Open Mic: Low Morale

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Santa Rosa Police Chief Ray Navarro recently told a City Council sub-committee that morale is low among his officers. “The negative perception of law enforcement, local or nationwide, impacts community trust in police departments,” he said.

What the Chief failed to mention was that SRPD Independent Police Auditor Bob Aaronson raised similar concerns in 2018 when he reported to the City Council that officers working directly with unsheltered people were suffering from sagging morale due to doubts about effectiveness of the city’s policies. Homeless advocates immediately corroborated Aaronson's account but a defensive City Council summarily fired him for criticizing their policy. No inquiry about officer morale was carried out by the Council.

Protests this year in Santa Rosa over the Floyd murder and resultant police violence have led to seven legal claims against the city alleging excessive force by police officers. Protesters sustained injuries caused by police officers’ use of tear gas, batons and projectiles. Marqus Martinez, a young Pomo leader who was shot in the face with a sting-ball grenade fired at close range, is among those suing the city.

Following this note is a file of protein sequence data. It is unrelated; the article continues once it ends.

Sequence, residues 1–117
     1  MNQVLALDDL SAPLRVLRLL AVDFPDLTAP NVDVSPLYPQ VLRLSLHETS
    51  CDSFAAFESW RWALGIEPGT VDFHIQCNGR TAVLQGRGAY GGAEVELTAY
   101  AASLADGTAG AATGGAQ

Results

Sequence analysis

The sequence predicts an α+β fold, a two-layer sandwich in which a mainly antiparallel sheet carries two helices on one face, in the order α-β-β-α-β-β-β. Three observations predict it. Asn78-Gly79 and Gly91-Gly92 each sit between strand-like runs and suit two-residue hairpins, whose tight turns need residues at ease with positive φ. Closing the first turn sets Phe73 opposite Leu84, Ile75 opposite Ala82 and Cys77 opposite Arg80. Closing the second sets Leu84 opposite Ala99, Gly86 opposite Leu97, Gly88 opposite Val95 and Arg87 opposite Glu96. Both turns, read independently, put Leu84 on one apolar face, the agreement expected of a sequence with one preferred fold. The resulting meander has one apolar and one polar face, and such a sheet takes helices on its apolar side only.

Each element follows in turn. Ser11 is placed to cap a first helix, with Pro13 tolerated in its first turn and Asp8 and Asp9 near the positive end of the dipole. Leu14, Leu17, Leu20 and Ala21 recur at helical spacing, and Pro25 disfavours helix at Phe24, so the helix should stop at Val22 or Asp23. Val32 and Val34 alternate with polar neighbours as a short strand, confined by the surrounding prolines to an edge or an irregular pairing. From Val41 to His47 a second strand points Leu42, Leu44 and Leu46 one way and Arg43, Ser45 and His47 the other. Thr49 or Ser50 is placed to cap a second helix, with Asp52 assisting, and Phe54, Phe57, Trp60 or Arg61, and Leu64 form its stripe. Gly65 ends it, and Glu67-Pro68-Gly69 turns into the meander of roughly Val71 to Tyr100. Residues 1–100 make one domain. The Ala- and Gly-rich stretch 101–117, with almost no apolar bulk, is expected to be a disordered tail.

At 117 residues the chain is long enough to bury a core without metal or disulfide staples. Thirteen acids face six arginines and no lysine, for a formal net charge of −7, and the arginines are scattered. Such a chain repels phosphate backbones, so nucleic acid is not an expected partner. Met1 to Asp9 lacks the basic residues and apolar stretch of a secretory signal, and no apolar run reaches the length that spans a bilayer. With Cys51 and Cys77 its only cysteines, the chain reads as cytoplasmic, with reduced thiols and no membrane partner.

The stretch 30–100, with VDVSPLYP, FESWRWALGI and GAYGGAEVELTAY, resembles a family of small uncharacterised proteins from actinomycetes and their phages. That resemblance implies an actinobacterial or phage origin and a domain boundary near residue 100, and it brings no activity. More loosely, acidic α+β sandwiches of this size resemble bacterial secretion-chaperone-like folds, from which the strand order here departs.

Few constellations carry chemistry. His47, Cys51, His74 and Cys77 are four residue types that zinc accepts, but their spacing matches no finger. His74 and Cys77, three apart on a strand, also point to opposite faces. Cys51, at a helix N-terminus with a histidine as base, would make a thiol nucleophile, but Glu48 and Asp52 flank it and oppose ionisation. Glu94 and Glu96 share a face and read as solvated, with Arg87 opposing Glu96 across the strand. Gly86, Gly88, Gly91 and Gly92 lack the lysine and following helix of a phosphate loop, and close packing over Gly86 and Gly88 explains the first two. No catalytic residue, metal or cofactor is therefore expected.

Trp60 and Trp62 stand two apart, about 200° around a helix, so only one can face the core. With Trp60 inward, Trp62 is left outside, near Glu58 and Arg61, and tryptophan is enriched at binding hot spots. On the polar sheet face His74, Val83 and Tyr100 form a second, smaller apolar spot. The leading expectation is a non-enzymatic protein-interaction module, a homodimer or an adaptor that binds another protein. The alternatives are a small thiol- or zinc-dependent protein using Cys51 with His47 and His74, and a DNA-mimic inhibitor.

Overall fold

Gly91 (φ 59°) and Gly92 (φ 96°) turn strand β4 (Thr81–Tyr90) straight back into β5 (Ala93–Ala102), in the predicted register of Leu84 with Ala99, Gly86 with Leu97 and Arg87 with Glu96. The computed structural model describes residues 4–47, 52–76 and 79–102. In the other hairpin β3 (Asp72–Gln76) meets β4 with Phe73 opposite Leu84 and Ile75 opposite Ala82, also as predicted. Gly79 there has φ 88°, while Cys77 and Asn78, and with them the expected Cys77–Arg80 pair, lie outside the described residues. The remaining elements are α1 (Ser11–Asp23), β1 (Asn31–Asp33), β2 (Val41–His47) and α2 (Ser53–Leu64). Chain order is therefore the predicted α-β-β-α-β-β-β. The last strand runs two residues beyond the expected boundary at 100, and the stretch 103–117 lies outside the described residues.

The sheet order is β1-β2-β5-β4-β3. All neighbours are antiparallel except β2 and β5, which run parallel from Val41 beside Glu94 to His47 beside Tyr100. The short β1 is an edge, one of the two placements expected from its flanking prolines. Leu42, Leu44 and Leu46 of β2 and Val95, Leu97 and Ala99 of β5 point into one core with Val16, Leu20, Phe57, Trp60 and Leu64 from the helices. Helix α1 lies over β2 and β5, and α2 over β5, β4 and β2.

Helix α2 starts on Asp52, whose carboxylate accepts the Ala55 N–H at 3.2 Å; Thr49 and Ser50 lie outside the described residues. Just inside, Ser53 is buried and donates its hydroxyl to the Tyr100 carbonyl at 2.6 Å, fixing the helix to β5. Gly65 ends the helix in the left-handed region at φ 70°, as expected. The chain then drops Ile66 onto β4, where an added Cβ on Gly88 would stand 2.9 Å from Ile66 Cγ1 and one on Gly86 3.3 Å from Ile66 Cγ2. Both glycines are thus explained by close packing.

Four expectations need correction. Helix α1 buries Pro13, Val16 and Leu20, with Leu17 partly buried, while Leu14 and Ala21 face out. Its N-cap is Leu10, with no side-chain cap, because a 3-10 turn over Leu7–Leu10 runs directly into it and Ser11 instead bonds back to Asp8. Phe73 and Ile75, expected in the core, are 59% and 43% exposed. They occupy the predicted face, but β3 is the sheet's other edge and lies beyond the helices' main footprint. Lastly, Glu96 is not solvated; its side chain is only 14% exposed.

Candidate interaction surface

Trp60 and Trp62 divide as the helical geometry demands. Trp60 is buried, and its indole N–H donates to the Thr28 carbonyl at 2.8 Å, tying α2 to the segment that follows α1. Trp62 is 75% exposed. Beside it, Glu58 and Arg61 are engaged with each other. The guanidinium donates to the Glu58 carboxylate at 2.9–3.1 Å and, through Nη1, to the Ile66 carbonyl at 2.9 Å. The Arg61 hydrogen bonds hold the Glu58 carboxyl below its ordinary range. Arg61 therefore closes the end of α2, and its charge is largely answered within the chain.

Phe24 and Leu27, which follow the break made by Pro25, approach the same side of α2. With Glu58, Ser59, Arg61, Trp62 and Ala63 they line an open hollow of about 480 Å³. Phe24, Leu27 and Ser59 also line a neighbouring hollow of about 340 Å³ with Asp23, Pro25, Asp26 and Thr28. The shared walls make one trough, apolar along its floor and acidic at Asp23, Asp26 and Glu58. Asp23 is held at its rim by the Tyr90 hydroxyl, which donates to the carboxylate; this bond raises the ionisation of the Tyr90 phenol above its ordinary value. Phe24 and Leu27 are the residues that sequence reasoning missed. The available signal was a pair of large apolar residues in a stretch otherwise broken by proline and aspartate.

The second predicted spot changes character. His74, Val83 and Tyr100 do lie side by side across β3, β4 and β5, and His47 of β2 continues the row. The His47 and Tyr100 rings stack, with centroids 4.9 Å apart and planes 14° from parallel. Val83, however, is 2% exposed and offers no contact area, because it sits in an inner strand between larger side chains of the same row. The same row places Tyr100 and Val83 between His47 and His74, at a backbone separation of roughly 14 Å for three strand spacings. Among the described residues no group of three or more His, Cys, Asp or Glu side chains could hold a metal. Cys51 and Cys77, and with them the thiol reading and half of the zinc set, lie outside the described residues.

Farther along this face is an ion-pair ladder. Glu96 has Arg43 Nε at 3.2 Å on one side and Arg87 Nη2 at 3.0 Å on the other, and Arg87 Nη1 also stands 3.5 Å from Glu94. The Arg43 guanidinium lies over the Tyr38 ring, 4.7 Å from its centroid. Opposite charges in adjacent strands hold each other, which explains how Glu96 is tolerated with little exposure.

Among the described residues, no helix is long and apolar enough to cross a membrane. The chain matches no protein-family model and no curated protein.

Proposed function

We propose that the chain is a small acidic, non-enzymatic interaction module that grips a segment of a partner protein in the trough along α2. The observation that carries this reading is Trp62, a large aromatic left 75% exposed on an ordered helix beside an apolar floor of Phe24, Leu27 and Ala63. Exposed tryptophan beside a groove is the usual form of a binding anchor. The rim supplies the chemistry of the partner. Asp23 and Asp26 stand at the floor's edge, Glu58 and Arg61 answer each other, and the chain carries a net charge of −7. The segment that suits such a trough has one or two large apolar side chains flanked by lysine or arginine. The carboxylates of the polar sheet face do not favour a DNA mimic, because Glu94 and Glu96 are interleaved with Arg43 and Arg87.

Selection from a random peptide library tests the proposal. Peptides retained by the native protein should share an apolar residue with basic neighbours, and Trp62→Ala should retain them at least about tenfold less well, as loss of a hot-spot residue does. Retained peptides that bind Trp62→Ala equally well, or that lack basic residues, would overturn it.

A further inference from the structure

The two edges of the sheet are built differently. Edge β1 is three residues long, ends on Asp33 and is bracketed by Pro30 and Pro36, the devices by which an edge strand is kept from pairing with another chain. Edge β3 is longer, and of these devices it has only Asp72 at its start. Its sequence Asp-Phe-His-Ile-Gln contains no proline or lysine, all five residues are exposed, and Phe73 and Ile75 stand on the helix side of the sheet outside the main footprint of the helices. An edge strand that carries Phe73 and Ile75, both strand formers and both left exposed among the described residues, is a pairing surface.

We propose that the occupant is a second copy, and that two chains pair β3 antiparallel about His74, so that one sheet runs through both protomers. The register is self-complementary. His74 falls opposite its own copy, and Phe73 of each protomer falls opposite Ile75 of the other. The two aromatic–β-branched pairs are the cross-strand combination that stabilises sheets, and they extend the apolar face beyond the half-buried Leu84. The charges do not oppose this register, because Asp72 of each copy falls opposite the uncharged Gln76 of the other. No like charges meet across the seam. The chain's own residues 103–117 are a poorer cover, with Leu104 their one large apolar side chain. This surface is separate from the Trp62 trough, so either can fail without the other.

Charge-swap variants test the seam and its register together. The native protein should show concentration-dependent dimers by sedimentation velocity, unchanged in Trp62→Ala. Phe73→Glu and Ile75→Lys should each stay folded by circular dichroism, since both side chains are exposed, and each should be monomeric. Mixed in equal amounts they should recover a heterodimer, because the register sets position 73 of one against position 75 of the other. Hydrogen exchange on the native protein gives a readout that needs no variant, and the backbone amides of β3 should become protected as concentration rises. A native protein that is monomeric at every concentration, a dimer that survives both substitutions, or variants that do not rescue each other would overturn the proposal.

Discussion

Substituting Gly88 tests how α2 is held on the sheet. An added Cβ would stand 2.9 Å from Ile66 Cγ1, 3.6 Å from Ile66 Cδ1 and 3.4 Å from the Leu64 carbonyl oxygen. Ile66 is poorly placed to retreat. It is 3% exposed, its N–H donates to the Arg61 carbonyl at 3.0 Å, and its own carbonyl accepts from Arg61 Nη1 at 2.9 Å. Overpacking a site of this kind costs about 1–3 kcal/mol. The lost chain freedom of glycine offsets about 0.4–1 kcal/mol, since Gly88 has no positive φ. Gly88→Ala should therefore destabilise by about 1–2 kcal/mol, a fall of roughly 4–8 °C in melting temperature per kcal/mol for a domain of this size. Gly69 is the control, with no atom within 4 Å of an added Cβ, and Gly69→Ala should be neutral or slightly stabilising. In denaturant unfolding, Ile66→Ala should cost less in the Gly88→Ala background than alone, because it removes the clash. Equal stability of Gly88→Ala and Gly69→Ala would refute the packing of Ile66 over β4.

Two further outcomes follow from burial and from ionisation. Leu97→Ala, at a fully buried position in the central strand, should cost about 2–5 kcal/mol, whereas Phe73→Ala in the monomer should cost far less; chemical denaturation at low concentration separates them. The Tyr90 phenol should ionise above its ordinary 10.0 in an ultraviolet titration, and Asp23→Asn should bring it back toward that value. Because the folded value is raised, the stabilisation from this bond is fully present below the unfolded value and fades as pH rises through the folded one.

The Sonoma County Commission on Human Rights subsequently detailed a swath of human rights abuses by police dating back to 2007. At least six articles of the International Declaration of Human Rights were routinely violated. The Commission also found in August 2018 that the rights of homeless individuals here were systematically broken, thus “increasing risks to safety and health and reducing any sense of dignity and support of people for whom viable options for housing do not exist.”

Observers of police in Santa Rosa agree it’s not a negative perception of police that’s impacting trust, it’s negative police behavior itself that causes pervasive mistrust. In other words, law enforcement is reaping what it sows.

Chief, the buck stops with you—please take responsibility to immediately remedy faulty policies and training, and improve accountability and transparency. When the public sees positive change taking hold on the streets, there is every reason to believe community trust will rise and officers will be safer and enjoy better morale.

Kathleen Finigan lives in Santa Rosa.

Open Mic is a weekly feature in the “Bohemian.” We welcome your contribution. To have your topical essay of 350 words considered for publication, write openmic@bohemian.com.

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